Leading rights groups call on Nike to push its supplier Ramatex to remediate supply chain abuses in Cambodia

58 leading labour and human rights groups are demanding sportswear giant Nike end its standoff with Thai and Cambodian garment workers to finally fulfill its human rights commitments and pay its supply chain workers the $2.2 million in unpaid wages and benefits they have been waiting for since 2020. The workers of the Violet Apparel factory, owned by Nike’s primary manufacturing partner, the multi-million dollar conglomerate Ramatex Group, were denied $1.4 million in legal benefits since the Violet Apparel factory closed in 2020.
Former Violet Apparel workers calling on Nike and Ramatex to pay up on Labour Day 2023

The statement comes shortly after the Worker Rights Consortium (WRC) issued a report which leaves no doubt about who is responsible for ensuring 1,284 Cambodian workers receive the terminal compensation they are legally owed: Nike and its major supplier, the Ramatex Group.

Nike has hypocritically justified Ramatex’s continued refusal to pay workers by hiding behind a legally invalid ruling against the Violet Apparel workers by Cambodia’s Arbitration Council, even as Nike joined with other major brands in 2018 and 2019 to directly raise concerns with the Cambodian Government about the diminishing independence of the Arbitration Council and threats to labour rights in the country. Human Rights Watch cited the biased Arbitration Council outcome as demonstrative of the “politically compromised Arbitration Council”, and the WRC has detailed how the excuse used by Ramatex to dismiss workers without paying them full benefits was bogus.

Worse still, Nike is shamelessly denying the conclusive evidence that its goods were produced at Violet Apparel for years, in spite of receiving photos of Nike goods being made in the factory, including of Nike thread lists, labels, and internal documents as well as consistent, credible testimony from all workers that they produced Nike goods for years. This case does not stand alone. Nike is also defending the factory's behaviour in the Hong Seng Knitting factory in Thailand, where it is insisting that workers voluntarily donated their legally owed wages to their employer during the pandemic, even though workers protested and reported the wage theft to the police. Nike has positioned itself as rights-abusing outlier in the industry, acting against its human rights commitments and its own code of conduct - this is why a groundswell of human rights and labour rights organisations from around the world have come together to say enough is enough.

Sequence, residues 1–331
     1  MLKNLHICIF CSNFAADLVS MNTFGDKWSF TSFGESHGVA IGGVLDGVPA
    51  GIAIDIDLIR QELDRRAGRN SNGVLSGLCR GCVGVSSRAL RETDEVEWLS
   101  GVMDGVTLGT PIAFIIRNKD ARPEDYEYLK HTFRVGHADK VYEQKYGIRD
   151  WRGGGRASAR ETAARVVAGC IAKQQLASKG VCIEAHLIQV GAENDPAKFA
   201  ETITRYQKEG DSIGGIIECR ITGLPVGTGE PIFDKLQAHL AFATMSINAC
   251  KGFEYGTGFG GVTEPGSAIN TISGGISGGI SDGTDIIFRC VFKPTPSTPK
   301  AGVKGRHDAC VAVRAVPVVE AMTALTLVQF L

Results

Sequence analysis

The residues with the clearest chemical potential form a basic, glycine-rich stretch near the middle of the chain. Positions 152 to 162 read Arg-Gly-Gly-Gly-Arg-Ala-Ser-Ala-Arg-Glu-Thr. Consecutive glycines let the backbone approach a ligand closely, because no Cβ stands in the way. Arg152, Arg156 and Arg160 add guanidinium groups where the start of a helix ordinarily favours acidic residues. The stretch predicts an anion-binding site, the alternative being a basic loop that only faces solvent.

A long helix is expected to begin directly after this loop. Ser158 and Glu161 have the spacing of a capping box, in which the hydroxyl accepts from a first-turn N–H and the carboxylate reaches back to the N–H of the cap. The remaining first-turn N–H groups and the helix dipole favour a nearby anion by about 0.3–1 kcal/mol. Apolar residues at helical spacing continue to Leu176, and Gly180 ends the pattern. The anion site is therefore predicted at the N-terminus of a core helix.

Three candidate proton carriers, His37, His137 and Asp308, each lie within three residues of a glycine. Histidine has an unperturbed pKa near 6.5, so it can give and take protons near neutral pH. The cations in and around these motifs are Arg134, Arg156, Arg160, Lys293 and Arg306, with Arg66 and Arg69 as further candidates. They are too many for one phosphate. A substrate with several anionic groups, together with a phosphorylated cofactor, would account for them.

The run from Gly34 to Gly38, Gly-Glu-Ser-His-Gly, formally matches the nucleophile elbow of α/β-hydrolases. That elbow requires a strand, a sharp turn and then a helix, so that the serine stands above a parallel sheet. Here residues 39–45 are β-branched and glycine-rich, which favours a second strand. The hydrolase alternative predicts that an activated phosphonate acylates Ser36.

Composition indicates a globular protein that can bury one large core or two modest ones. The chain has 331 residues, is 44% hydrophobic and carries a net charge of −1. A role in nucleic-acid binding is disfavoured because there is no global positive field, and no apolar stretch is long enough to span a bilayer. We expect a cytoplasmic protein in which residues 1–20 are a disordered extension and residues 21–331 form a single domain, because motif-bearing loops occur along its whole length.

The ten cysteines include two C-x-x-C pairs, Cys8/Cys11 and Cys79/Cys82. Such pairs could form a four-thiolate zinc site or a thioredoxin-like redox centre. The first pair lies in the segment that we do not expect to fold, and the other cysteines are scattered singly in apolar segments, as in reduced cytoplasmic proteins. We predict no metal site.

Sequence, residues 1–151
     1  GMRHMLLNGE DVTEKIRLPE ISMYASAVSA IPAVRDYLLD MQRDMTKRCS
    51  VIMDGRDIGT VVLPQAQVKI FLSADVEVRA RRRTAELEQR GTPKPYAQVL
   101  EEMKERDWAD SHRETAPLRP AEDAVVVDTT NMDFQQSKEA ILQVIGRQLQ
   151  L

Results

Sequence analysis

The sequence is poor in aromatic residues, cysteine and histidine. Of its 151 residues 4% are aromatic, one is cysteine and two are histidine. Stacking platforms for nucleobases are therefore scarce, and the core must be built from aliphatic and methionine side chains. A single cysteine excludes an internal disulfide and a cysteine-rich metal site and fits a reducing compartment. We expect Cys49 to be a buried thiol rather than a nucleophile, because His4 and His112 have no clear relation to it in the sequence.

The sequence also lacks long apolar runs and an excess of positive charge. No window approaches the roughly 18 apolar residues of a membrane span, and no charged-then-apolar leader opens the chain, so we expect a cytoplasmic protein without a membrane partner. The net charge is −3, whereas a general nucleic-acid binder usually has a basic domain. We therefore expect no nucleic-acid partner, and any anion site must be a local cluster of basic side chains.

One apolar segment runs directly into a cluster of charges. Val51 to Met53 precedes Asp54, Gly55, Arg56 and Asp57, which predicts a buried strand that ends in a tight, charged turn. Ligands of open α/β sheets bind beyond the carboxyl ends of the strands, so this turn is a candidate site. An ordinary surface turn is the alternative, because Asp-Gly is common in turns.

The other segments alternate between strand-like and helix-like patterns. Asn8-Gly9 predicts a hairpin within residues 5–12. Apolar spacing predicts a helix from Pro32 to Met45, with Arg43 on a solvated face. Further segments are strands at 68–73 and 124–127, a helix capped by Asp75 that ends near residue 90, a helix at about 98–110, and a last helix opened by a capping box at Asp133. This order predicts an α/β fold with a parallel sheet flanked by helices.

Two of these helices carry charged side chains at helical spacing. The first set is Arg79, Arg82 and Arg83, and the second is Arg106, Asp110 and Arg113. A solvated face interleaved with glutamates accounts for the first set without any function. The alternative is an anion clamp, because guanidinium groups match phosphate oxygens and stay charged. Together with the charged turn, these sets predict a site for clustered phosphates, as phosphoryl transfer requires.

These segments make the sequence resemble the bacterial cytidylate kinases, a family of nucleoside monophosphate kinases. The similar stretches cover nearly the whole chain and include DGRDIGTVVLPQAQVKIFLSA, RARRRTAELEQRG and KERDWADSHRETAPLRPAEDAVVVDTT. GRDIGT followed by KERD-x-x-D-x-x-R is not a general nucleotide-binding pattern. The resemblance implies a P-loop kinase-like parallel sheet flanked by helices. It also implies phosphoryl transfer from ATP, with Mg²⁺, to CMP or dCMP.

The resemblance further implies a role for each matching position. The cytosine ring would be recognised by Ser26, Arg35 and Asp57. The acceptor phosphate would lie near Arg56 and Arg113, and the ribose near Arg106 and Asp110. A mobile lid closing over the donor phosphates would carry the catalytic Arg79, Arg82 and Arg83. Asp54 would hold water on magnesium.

“The WRC report shows what we knew already: Ramatex and its biggest buyer Nike must ensure these workers are finally compensated. There is no legal ground that justifies their inaction and they cannot appeal to a flawed institution for protection”, said Yang Sophorn, president of the Cambodian Alliance of Trade Union (CATU).

“Ramatex Group not only has the legal obligation to compensate the workers, they and their biggest buyer Nike have the financial means to do so. Companies sourcing from countries like Cambodia should stop benefiting from a strong labour law on paper being so poorly enforced, leaving their workers without social protection. And let’s not forget they tried to get away with this during a pandemic”, said Niki Gamara, Clean Clothes Campaign’s South East Asia Urgent Appeals Coordinator.

One of the wronged former Violet Apparel workers, a mother to two children, said: “The employer calculated that my severance was around 500USD, but according to my rough calculation my severance should be around 5000-6000USD, because I have worked at this factory for a very long time. Since the factory has closed I don’t have money to buy milk for my children. I have to borrow money from my relatives to buy milk.”

Read the full statement here.

Find out more on nikesteals.com/ramatex.

published 2023-07-20